Other genes whose expression was higher in the stage 1 aGCT exhibited more modest differences. F-box and leucine-rich repeat protein 22 (FBXL22) is a member of the F-box gene family. It interacts with S-phase kinase associated protein 1A and cullin to form a complex with ubiquitin-ligase activity [23]. LYVE1 (lymphatic vessel hyaluranon receptor-1) expression is ~ 6-fold higher in the stage 1 aGCT. LYVE1 is a type 1 integral membrane glycoprotein predominantly expressed in lymphatic vessels [24]; indeed it has been extensively used as an immunohistochemical marker of lymphatics [25]. The decreased levels may be consistent with a less organised tissue structure with advancing malignancy. The CSTA (cystatin A) gene is also ~6-fold more abundant in the stage 1 tumors. This gene encodes stefin A, a cysteine protease inhibitor which is thought to primarily inhibit cathepsin B [26]. Cathepsin B expression, although abundant from the microarray analyses, does not differ between the two stages. Loss of CSTA expression is associated with progression of ductal breast cancer in situ to invasive breast cancer [26], presumptively via increased cathepsin B activity which raises the possibility that cathepsin B may be a relevant therapeutic target in aGCT.

Of the 16 genes whose expression was increased with advanced disease, CXCL14 shows the greatest increase. CXCL14 is an orphan member of the Cys-x-Cys subfamily of cytokines which, although chemotactic for cells of the monocyte/macrophage lineage, appears not to be required for their normal function [27]. CXCL14 expression is markedly up-regulated (~40-fold) in the stage 3 aGCT in the microarray analysis but not significant in the RT-PCR (Figure 3) reflecting a striking hererogeneity of expression, particularly in the stage 3 aGCT. CXCL14 has been associated with both favourable and unfavourable outcomes depending on tumor type [28]. Augsten et al. [27] argue that pro-tumoral effects of CXL14 reflect overexpression in cancer-associated fibroblasts however immunohistochemical staining of the aGCT (Figure 4) shows clear expression in the tumor cells. A possible explanation of this apparent dichotomy may lie with the stromal origin of granulosa cells. Riesten et al. [29] have recently identified CXCL14 as a key element in a gene expression signature that predicts outcome in advanced epithelial ovarian cancer. Fibroblast activating protein (FAP) which is abundantly expressed in both groups of aGCT is also part of that signature. Like CXCL14, FAP expression has been associated with cancer-associated fibroblasts. FAP shows ~4 fold increase in the stage 3 aGCT but this is not significant after correction for FDR (false discovery rate). It is however of interest, being an emerging therapeutic target with considerable specificity [30]. FAP is a cell surface glycoprotein with dipeptidyl peptidase activity whose expression is normally restricted to fibroblasts in healing wounds [31]. Some years ago we were surprised to find that it was also expressed by the normal human ovary [32]. Whilst its expression in normal ovary may reflect the “wound healing response” associated with ovulation, it raises the possibility that FAP is a product of GC, which as noted are stromal in origin. Conversely, FAP expression is not observed in the KGN cells which may argue that it is not a feature of advanced aGCT per se. Secretion by activated stromal fibroblasts of FAP has also been associated with epithelial ovarian cancer cell proliferation, migration and invasion [33].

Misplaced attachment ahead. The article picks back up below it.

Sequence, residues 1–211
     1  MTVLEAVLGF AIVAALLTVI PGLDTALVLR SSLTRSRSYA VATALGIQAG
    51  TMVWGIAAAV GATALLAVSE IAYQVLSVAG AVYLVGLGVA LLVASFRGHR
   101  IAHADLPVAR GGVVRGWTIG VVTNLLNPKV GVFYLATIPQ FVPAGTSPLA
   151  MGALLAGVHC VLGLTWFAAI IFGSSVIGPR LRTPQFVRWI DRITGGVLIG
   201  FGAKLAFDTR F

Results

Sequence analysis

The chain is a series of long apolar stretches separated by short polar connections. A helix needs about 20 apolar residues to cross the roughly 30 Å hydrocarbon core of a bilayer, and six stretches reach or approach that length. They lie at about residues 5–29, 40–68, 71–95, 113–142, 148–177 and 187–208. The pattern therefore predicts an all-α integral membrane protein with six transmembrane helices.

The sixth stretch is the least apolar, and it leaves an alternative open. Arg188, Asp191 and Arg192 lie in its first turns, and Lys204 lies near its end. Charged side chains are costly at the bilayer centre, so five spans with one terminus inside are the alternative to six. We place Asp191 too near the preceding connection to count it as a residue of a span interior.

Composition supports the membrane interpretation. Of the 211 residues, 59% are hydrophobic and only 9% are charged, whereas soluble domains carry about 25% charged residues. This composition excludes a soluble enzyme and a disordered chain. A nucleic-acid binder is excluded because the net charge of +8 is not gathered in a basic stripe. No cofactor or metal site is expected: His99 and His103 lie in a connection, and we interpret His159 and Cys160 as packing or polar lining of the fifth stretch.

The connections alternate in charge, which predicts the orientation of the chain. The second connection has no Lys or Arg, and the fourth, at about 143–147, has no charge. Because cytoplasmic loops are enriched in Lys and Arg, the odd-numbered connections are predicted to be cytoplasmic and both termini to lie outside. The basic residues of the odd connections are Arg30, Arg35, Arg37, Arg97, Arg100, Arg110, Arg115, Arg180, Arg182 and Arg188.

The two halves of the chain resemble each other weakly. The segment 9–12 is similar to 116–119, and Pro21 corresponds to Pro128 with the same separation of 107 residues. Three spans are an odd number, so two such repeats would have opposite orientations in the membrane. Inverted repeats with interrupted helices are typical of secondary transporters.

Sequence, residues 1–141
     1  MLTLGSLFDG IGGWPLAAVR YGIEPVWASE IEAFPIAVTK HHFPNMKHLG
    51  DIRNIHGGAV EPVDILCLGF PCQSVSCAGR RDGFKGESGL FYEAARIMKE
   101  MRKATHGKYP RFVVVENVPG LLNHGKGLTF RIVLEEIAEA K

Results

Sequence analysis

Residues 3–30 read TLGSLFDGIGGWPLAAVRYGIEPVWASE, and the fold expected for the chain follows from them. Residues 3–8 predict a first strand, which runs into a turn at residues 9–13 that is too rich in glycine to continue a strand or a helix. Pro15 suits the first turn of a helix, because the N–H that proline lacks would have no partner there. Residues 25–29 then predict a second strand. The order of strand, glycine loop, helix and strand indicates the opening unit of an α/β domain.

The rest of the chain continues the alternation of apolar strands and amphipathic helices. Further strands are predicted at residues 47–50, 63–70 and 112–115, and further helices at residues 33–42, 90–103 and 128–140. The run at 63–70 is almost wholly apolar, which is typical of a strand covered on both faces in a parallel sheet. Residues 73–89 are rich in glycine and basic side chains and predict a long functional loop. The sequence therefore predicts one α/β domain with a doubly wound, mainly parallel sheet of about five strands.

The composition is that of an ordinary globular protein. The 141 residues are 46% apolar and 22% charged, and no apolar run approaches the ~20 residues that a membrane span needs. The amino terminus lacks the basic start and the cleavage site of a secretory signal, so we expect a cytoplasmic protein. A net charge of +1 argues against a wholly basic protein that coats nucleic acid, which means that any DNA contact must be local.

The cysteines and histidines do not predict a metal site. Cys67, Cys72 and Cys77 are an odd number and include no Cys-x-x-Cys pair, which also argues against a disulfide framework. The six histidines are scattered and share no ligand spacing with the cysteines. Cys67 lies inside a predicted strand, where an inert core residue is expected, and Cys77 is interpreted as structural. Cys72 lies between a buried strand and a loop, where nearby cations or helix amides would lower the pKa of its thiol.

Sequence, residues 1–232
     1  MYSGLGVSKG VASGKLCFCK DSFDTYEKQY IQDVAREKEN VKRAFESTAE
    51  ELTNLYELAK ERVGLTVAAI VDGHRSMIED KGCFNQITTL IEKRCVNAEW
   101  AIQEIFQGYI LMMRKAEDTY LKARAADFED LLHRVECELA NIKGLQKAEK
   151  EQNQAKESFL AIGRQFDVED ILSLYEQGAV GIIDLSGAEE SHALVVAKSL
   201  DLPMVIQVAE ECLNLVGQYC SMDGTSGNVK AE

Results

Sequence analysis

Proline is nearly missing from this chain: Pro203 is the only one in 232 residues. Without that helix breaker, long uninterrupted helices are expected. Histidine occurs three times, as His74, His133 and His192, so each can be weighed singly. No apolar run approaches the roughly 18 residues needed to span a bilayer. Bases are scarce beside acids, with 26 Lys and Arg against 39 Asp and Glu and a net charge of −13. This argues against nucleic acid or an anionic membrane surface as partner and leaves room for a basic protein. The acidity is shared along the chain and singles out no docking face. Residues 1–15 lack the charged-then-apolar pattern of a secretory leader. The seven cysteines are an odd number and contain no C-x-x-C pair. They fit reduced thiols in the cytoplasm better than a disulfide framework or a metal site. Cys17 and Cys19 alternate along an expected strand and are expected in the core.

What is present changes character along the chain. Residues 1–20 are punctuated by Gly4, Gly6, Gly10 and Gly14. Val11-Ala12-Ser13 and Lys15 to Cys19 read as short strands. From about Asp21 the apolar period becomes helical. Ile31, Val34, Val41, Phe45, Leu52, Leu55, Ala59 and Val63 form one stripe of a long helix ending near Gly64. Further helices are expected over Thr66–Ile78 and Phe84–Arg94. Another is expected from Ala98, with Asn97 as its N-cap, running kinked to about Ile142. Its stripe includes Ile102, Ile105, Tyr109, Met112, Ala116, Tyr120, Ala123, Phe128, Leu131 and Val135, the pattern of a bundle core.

MFAP5 showed the second greatest (~26)-fold increase. MFAP5 is a microfibrial-associated glycoprotein which predicts poor survival and chemoresistance in patients with advanced high-grade serous epithelial ovarian cancer [34]. Of the other genes that are significantly upregulated with advanced disease, SAA1 (serum amyloid A1) is part of the family of highly homologous acute-phase proteins that have been associated with tumor progression and reduced survival in a range of cancers [35]. Of the other members of this family, SAA2, S100P (serum 100 calcium binding protein P), S100B, S100A7, S100A3, S100A1, S100A3 and S100PBP (S100P binding protein) were identified on the microarray but did not differ between groups.

SIXl is a homeobox gene which has a well characterised role in development [36]; it has also been found to be upregulated in a number of solid tumors which correlates with a worse prognosis. SIX1 expression was further increased in the KGN cells suggesting an association with increasing malignancy. SIXl increases cyclin D1 expression in solid tumors [36], however cyclin D1 levels as determined from the microarray data did not differ by stage in the aGCT. Cyclin D2 plays a critical role in granulosa cell proliferation and has increased expression in GCT [13, 37]; however, although abundantly expressed being ~10 fold higher than cyclin D1, cyclin D2 expression also did not differ by stage.